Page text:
TPR talk tough on DC consolidation -it’s time for one nation DC!

The Pensions Regulator’s “Dc Trust; presentation of scheme data, defines the state of the UK DC market” was published yesterday.

http://www.thepensionsregulator.gov.uk/doc-library/dc-trust-presentation-of-scheme-return-data-2017.aspx

If we could use a single word to sum it up, that word would be “messy”. To take one statistic from the numerous spreadsheets attached, of the 33,640 schemes that tPR know about, only 750 are being used for auto-enrolment. There are around 70 active AE master trusts, which means under 700 single employer occupational DC schemes are auto- enrolling staff into workplace pensions.

The Regulator is defining the problem and putting forward solutions.

  1. The majority of these schemes are Small and self-administered(SSAS), typically for Directors looking to use pensions as part of their entrepreneurial activities. These are more properly tax and financing schemes, they re-allocate productive wealth by exploiting tax-subsidies, by tying this wealth into long-term investment, SSAS has played an important role for SMEs. The statistics suggest that few new SSAS schemes are being set up. It would be good to know more about this obscure part of the market, but for now we must put it to one side
  2. The redundancy of DC scheme structures set up by employers (with help from employers) is creating what the Pensions Regulator calls ” two classes of DC pension saver – those that benefit from the premium of scale and good governance and administration, and those that do not”
  3. The Regulator is looking for the private sector to consolidate the redundant structures into bigger active schemes by making life harder on small schemes, making bigger schemes more attractive and by abolishing the need for actuaries to be involved in the consolidation process (providing actuarial certification).

I agree with the Regulator’s assessment of the market, the call for consolidation and the remedial actions it is taking. Even though I represent a firm of actuaries, I am not sure the actuarial certificates we supply to ensure there is no detriment to members in consolidation are providing protections that cannot be achieved using existing regulation (treating customers fairly for instance).

As for the currently “ungoverned” schemes , we know that around 3,500 schemes failed to provide a timely Chair Statement last year. The Pensions Regulator knows who they are and should be organising the market to get these schemes to shape up or shape out. The Pensions Regulator organised an orderly exit for failing DB schemes and can do the same with this rump of derelict, redundant and dilapidating structures. Consultants form an orderly queue!

The reform of master trusts , using the legislation of the Pensions Bill, which we hope will be enacted in April, will make it easier for consolidation to take place. The question is not about what is happening with the good schemes, but what to do with the failing master trusts which are not achieving the master trust assurance framework or even the basic compliance to the DC code of conduct. DWP are talking about dishing these out to the good schemes on a kind of carousel. This looks like an exercise in value destruction. We think this can be done better through a proper brokerage where buyers and sellers can be matched – this is a small market that can be overseen by tPR but should not be run by it.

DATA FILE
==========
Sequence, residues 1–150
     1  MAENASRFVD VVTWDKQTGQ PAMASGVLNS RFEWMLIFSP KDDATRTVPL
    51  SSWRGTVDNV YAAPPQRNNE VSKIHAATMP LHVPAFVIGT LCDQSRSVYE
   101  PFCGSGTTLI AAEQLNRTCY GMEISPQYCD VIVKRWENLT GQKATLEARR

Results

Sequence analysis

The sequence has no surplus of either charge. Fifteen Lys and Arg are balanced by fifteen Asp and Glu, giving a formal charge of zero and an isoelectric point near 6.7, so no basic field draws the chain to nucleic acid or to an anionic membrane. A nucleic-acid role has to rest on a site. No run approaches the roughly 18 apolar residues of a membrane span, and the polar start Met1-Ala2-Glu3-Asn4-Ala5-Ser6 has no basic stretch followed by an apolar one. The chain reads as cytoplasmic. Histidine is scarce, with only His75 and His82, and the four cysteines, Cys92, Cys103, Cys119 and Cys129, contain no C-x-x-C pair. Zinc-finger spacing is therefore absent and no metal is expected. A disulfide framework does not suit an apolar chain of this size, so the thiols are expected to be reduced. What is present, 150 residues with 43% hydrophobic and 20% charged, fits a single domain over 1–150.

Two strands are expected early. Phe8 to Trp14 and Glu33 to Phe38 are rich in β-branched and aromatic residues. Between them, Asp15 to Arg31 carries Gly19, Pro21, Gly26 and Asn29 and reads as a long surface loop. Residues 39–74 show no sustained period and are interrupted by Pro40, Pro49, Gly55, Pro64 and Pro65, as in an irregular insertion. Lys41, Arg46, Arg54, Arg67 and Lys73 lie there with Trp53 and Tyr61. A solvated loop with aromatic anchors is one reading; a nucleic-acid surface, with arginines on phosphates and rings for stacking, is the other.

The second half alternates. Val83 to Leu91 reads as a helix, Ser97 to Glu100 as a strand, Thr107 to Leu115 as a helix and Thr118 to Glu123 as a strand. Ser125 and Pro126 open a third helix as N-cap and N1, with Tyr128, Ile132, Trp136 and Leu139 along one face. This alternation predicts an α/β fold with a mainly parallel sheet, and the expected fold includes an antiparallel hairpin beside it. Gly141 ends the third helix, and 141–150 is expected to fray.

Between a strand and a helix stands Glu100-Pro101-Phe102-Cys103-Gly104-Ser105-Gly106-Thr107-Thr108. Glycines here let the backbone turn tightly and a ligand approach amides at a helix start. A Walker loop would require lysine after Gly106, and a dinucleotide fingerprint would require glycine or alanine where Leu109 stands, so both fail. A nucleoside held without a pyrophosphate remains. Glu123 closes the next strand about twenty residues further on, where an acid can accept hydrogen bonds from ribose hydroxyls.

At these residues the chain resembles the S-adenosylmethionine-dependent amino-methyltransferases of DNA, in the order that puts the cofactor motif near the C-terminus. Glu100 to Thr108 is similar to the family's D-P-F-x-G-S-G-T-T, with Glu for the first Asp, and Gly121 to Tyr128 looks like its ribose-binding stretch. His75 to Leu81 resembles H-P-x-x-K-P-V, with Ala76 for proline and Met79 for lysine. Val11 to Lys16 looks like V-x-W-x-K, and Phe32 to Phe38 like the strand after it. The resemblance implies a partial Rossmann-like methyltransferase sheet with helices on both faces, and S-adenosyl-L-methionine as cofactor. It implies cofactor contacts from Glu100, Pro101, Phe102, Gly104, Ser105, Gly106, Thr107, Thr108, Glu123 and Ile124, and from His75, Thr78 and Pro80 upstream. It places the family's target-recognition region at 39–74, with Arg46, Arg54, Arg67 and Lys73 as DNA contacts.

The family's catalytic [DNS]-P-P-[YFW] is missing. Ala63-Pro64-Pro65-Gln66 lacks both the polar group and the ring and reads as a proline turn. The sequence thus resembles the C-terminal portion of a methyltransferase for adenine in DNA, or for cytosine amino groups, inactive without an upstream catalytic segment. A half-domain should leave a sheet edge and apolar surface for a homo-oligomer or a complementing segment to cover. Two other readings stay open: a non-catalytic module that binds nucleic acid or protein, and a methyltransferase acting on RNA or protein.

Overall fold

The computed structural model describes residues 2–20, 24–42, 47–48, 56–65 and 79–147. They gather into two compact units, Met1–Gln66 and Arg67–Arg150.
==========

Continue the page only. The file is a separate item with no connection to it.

It is really encouraging to see the Pensions Regulator getting organised and producing a rational plan to raise all DC schemes to one level. The problems that exist elsewhere will probably require tPR to “let sleeping SSAS lie”, the provisions of the Pensions Bill make the consolidation of master trusts inevitable (though the process remains unclear); where most work is to be done is in impelling and perhaps compelling the trustees of the failing occupational DC schemes (probably less than 4000 of them) to let go.

The Pensions Regulator can use its powers to clean occupational DC pensions up. It will annoy some trustees and some advisors to see schemes swept away. But unlike small DB plans, which are typically loved and cherished by their sponsors, the small occupational DC plan is seldom even considered. We shouldn’t wait any longer, to echo Cromwell…

You have sat too long for any good you have been doing lately… Depart, I say; and let us have done with you. In the name of God, go!

Sadly, I wrote these words in another blog

https://henrytapper.com/2013/07/11/you-have-sat-too-long-non-performing-dc-trust-boards-should-go/,

which I see is dated July 2013. We need one nation DC – with all DC at the same high standards, I hope we do not have to wait another 40 months to get it!

 

 

About henry tapper

Founder of the Pension PlayPen, Director of First Actuarial, partner of Stella, father of Olly . I am the Pension Plowman
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